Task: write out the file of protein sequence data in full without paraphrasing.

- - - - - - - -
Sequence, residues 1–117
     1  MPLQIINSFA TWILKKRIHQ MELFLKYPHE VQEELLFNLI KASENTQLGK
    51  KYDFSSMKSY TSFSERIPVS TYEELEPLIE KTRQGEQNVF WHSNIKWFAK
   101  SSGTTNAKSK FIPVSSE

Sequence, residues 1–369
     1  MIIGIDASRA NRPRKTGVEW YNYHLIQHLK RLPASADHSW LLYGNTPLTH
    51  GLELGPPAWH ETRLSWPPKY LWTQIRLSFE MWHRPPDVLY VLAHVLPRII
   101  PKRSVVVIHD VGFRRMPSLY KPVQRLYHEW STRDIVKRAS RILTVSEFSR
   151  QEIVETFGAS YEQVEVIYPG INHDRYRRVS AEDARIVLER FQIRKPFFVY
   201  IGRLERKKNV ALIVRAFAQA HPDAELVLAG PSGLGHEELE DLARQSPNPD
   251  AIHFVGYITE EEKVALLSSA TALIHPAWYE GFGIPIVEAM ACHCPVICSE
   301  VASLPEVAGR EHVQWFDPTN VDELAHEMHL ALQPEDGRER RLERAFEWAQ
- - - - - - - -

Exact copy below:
Sequence, residues 1–117
     1  MPLQIINSFA TWILKKRIHQ MELFLKYPHE VQEELLFNLI KASENTQLGK
    51  KYDFSSMKSY TSFSERIPVS TYEELEPLIE KTRQGEQNVF WHSNIKWFAK
   101  SSGTTNAKSK FIPVSSE

Sequence, residues 1–369
     1  MIIGIDASRA NRPRKTGVEW YNYHLIQHLK RLPASADHSW LLYGNTPLTH
    51  GLELGPPAWH ETRLSWPPKY LWTQIRLSFE MWHRPPDVLY VLAHVLPRII
   101  PKRSVVVIHD VGFRRMPSLY KPVQRLYHEW STRDIVKRAS RILTVSEFSR
   151  QEIVETFGAS YEQVEVIYPG INHDRYRRVS AEDARIVLER FQIRKPFFVY
   201  IGRLERKKNV ALIVRAFAQA HPDAELVLAG PSGLGHEELE DLARQSPNPD
   251  AIHFVGYITE EEKVALLSSA TALIHPAWYE GFGIPIVEAM ACHCPVICSE
   301  VASLPEVAGR EHVQWFDPTN VDELAHEMHL ALQPEDGRER RLERAFEWAQ